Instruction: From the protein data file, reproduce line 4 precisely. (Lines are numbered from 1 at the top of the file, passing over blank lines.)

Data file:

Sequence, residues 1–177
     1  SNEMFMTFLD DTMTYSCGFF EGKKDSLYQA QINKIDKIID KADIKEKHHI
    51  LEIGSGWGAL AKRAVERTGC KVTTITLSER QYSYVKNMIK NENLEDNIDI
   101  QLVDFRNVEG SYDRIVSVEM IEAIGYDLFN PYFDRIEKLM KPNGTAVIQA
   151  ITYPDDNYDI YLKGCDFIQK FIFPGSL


   101  QLVDFRNVEG SYDRIVSVEM IEAIGYDLFN PYFDRIEKLM KPNGTAVIQA